Today we're talking with Christine Sunderland, author of Hana-lani
FQ: You obviously know and love Hawaii. What is your connection with Maui?
I have had the opportunity to visit Hana, Maui and other locations in Hawaii many times over the last twenty years, and have been impressed with the welcoming spirit of the people, their sense of family, history, and faith I have found there.
FQ: Nani-lei is such a warm and inspiring character. Is she based on someone you are lucky enough to know?
Nani-lei is a blend of many elderly women I have been so very fortunate to know, primarily, I would add, in my church life. These women have given me so much and I continue to learn from these generations that go before me.
FQ: Meredith's experience at Hana-lani causes her to think about what truly matters in life. What is at the top of your list?
I would say family, faith, church, and making every day count, searching for what is true and not merely fashionable or politically correct.
FQ: Meredith's story is too familiar these days. In what ways can all of us be like Nani-lei and her family, bringing hope to those who, like Meredith, are alone?
I think we can all slow down and take the time to listen to and love one another. We begin with our family members – husband, wife, children. Then we consider friends and those who cross our path day to day. Every person is worthy of respect and love, and the gift of time, of paying attention, is probably the greatest gift to those alone. Of course giving one's time means sacrificing one's own time, being a little less selfish, a little more self-less.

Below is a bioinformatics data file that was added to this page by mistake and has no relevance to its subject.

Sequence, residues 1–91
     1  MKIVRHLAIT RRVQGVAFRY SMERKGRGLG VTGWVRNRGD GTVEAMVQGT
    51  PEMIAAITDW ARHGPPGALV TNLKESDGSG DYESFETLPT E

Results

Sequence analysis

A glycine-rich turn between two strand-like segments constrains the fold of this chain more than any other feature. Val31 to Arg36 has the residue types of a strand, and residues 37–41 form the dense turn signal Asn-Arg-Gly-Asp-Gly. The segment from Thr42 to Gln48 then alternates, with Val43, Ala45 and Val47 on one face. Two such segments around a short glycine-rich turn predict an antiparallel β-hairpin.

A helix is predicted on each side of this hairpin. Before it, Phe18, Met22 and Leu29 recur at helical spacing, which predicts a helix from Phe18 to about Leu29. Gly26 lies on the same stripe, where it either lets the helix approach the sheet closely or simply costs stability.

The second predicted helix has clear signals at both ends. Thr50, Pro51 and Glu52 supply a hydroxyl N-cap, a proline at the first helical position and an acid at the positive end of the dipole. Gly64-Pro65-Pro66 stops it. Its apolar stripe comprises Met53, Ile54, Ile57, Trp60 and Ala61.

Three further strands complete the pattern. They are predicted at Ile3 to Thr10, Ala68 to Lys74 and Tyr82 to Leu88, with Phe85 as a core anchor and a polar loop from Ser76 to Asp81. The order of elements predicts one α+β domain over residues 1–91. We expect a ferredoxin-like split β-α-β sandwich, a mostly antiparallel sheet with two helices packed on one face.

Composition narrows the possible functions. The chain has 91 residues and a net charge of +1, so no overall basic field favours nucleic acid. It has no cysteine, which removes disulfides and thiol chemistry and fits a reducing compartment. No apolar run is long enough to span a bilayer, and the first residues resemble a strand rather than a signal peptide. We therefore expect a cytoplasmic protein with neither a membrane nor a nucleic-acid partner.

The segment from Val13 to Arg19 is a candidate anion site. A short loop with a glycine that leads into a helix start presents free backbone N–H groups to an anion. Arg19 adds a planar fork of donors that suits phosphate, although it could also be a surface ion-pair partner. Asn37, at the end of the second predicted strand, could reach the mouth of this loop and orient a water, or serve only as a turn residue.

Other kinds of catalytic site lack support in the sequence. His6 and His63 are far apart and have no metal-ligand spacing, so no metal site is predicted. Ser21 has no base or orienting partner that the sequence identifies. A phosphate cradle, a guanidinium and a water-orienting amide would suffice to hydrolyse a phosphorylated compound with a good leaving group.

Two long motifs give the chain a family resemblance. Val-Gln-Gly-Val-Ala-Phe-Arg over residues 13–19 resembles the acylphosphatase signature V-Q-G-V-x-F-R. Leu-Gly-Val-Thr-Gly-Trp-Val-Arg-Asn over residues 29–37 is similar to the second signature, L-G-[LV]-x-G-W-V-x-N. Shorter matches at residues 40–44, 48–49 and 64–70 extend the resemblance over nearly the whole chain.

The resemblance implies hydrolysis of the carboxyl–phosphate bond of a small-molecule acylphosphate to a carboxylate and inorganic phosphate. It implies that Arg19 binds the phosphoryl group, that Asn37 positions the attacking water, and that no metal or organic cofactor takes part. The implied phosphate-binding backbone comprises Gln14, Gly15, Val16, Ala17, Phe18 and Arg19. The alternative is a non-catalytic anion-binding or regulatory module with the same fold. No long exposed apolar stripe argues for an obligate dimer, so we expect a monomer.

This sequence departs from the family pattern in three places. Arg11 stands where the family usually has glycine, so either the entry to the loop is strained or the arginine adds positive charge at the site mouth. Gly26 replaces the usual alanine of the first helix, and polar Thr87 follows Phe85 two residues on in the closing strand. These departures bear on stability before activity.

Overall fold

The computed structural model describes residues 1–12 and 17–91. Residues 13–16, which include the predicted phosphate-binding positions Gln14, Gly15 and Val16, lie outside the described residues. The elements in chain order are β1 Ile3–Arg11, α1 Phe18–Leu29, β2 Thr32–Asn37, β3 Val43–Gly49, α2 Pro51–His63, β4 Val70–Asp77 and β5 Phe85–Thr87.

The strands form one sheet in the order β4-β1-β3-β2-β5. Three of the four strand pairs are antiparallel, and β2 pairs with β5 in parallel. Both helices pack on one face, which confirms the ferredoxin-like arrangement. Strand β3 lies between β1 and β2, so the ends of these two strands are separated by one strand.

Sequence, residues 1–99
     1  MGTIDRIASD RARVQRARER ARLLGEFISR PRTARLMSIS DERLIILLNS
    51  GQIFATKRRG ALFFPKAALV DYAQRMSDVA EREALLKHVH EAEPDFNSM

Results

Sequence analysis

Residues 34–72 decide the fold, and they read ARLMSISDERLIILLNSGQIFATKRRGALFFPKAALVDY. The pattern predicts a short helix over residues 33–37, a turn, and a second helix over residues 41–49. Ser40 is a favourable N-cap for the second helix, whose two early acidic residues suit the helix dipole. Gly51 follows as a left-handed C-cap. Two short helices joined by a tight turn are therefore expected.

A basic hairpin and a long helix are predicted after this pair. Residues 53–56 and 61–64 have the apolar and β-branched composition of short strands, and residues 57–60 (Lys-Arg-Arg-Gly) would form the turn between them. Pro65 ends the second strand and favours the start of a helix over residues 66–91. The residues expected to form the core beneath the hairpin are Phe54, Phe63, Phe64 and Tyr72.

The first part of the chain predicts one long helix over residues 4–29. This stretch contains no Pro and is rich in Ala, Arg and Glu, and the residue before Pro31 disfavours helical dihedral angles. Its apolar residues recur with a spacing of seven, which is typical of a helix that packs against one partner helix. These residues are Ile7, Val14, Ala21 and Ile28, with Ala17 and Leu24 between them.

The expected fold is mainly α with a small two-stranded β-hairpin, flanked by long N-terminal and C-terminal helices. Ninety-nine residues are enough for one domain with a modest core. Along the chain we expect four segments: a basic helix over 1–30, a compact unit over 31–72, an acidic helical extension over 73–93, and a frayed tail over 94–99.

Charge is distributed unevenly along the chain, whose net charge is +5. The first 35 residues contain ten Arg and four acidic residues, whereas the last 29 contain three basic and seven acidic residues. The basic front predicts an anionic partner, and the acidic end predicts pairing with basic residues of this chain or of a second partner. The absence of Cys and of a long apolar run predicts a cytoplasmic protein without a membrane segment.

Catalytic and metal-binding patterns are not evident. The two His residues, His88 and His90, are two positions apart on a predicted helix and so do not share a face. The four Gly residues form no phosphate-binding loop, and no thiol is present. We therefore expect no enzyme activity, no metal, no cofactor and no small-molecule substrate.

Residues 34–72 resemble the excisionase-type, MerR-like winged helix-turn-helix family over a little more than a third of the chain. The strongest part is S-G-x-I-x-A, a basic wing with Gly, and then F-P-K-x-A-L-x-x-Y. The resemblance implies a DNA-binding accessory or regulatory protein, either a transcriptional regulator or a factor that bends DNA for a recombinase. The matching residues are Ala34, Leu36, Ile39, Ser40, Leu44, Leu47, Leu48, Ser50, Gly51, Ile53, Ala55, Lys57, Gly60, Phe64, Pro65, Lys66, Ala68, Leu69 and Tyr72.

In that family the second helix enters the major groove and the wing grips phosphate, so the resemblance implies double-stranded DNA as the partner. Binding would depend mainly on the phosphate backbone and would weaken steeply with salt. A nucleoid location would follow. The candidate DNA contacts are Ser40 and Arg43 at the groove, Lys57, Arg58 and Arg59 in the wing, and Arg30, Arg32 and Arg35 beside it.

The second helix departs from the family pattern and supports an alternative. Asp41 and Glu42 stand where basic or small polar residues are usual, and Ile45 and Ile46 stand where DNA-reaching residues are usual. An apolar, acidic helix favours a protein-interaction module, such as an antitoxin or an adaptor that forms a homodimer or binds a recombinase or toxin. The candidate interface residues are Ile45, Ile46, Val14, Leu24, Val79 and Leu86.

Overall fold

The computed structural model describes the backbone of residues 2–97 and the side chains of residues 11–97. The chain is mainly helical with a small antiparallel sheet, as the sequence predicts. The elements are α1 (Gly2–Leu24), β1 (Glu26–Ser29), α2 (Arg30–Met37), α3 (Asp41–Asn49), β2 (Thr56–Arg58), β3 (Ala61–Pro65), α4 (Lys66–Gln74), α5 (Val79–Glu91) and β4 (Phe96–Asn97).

FQ: Henry and Maria's project, A History of Ethics, seems to be a topic you have thought much about. Is this a side project of yours?
I have long been concerned about how we decide what is right and wrong. With the demise of the Judeo-Christian ethical influence in the public square, our culture has been hard pressed to determine what authorities to use to decide right and wrong. Abortion, stem cell research, euthanasia, cloning, the definition of marriage, are questions of serious moral impact for many of us, as well as the boundaries of free speech and the parameters of artistic expression.
FQ: Do you share Henry's love of poetry? Which poets, along with T.S. Eliot, do you admire?
I love the poetic more than poetry itself – the phrase or metaphor that catches some otherwise indescribable truth about our humanity. I admire greatly Gerald Manley Hopkins, Shakespeare, Elizabeth Browning, among others. The Psalms are wonderful expressions of man's yearnings and angst as well as joyful and thankful moments. Poetry helps express who we are, gives us voice. My sister Barbara Budrovich is developing into a fine poet, catching unique family moments we experience as women and mothers.
FQ: Without giving away the ending of the book, I will say that it was not the “happily ever after” ending I was expecting. Did you know as you were writing the novel that it would end this way?
I knew it would have to end with a degree of realism, since I didn't want to write a "romance." I wasn't sure about the specifics, but the ending became clear as the characters became more real, and I soon knew what they would do, even what they needed to do, to reflect the themes of the novel. So I wanted the ending to be both challenging and yet hopeful.